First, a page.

ATM Connections

ATM supports two types of connections: point
point and point

point connects two ATM end systems and can be unidirectional (one
communication) or bidirectional (two
way communication). Point
multipoint connects
a single
source end system (known as the root node) to
multiple destination end systems
(known as leaves). Such connections are unidirectional only. Root nodes can transmit to
leaves, but leaves cannot transmit to the root or each other on the same connection. Cell
replication is done within the ATM network by

the ATM switches where the connection
splits into two or more branches. It would be desirable in ATM networks to have
bidirectional multipoint
multipoint connections. Such connections are analogous to the
broadcasting or multicasting capabilities of sh
media LANs, such as Ethernet and
Token Ring.

ATM Environment

ATM promises the capability to provide desktop to desktop connectivity. Several levels
of switching will be required to accomplish this task. The local area is the lowest level of
the ATM e
nvironment. The next level is the movement from the LAN to the WAN. This
stage will involve a switch on the LAN premises which connects it to other networks

Differences between ATM LANs and traditional LANs

ATM is not a broadcast medium

ATM is connectio
n oriented

ATM uses a 20 byte hierarchical addressing structure

ATM uses fixed
length, 53 byte packet (cells)

based LANs?

based networks give full bandwidth over an interface



Scalable multi
switch networks

rformance of bridging (direct network links)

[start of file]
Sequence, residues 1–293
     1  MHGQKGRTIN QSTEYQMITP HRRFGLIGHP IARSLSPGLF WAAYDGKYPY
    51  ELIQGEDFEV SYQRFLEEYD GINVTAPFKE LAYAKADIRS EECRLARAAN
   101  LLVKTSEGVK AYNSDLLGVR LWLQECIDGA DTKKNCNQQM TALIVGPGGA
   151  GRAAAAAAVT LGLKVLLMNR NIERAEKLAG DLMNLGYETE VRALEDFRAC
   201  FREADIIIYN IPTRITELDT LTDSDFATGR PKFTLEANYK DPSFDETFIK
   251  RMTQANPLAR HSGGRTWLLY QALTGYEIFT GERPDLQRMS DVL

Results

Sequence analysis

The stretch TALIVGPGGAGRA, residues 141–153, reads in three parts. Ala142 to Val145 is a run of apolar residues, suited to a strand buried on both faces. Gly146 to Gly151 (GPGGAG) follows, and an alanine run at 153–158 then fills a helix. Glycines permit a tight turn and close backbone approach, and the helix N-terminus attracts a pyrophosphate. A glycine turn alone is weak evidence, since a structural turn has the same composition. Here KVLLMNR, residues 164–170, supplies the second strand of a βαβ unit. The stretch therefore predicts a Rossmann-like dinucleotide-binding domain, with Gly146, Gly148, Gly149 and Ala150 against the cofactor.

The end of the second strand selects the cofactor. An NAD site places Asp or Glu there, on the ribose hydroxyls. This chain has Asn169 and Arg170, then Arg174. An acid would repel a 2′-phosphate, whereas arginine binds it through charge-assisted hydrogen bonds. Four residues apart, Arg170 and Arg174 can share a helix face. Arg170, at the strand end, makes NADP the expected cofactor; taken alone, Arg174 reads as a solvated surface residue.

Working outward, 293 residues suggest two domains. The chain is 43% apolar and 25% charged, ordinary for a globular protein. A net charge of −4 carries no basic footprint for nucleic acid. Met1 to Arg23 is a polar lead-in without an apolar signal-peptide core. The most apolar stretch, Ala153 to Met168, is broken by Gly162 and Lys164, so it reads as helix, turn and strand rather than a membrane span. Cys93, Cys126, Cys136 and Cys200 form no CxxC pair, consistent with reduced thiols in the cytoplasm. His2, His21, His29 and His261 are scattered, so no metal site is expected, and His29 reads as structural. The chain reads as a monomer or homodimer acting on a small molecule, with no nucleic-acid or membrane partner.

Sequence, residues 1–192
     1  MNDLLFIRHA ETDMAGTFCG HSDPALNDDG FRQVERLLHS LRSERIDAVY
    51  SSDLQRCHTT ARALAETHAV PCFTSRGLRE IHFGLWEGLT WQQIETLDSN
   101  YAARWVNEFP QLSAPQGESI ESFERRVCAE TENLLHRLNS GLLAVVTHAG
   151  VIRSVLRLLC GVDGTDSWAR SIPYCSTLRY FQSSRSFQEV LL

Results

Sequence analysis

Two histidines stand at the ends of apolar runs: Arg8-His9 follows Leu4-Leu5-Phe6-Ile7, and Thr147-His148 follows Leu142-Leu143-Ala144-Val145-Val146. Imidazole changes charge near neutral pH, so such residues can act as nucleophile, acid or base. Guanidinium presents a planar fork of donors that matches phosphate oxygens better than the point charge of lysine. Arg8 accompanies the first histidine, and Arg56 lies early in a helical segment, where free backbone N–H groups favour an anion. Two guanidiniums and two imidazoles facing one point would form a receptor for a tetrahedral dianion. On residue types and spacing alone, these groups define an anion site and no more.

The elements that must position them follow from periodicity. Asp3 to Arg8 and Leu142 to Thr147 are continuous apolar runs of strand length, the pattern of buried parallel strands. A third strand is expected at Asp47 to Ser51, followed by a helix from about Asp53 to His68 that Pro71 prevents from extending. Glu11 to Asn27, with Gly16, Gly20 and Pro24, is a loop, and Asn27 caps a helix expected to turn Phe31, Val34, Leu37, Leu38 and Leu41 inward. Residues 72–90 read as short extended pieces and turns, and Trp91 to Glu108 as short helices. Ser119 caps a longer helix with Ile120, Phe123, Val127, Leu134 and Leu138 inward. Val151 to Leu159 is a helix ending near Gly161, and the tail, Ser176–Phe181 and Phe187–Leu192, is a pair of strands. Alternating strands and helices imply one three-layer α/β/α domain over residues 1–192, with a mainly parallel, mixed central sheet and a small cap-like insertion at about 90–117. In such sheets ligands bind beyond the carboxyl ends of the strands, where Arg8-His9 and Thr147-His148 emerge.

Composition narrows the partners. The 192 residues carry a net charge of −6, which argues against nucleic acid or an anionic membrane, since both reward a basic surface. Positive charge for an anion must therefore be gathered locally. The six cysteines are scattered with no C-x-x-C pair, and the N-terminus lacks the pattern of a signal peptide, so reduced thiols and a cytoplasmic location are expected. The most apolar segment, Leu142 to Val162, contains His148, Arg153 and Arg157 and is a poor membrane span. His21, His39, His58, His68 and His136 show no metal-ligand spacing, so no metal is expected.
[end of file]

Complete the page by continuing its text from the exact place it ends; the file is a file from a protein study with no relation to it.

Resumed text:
with scalability of routing (interpret addresses with selective forwarding)

Resource reservation with ATM

guaranteed bandwidth

quality of service

but still require protocols (TCP) to guarentee data integrity

Transparent support for common protocols

use IP protocol stack

use native ATM adaptation layer

Standardized upgrade path

155 Mbps today (TAXI, OC

622 Mbps (OC

2.5 Gbps (OC

Match speed to applications

ATM Advantages:

ATM supports v
oice, video and data allowing multimedia and mixed services over a
single network.

high evolution potential, works with existing, legacy technologies

provides the best multiple service support

supports delay close to that of dedicated services


the broadest range of burstiness, delay tolerance and loss performance
through the implementation of multiple QoS classes

provides the capability to support both connection
oriented and connectionless traffic
using AALs

able to use all common physical t
ransmission paths

cable can be twisted
pair, coaxial or fiber

ability to connect LAN to WAN

legacy LAN emulation

efficient bandwidth use by statistical multiplexing


higher aggregate bandwidth

high speed Mbps and possibly Gbps



flexible to efficiency’s expense, at present, for any one application it is usually
possible to find a more optimized technology

cost, although it will decrease with time

new customer premises hardware and software are required

on from other technologies
100 Mbps FDDI, 100 Mbps Ethernet and fast

presently the applications that can benefit from ATM such as multimedia are rare

the wait, with all the promise of ATM’s capabilities many details are still in the
standards p

The Future of ATM

Multimedia will be one of the key applications to use ATM. Multimedia workstations
exist today but the benefits brought by ATM will be in connecting these workstations. In
the near future ATM is intended to be used as a backbone
for other existing services like
frame relay. An entire network of ATM components exclusively is unlikely.

ATM is expected to improve LAN/Client
Server architectures and LAN interconnection.
ATM will provide the resources to ease the network demands cause
d by the growing
number of users that need to connect to a LAN, and with applications requiring more

Concluding Remarks

based networking is today where Ethernet was in approximately 1982



who knew what to do with 10 Mbps!



who knows what to do with 155 Mbps!

it works, but...

Much room for research

Submitted By

Ms.Pushpita Mukharjee(B.E. (Comp. Sc.)IV Year)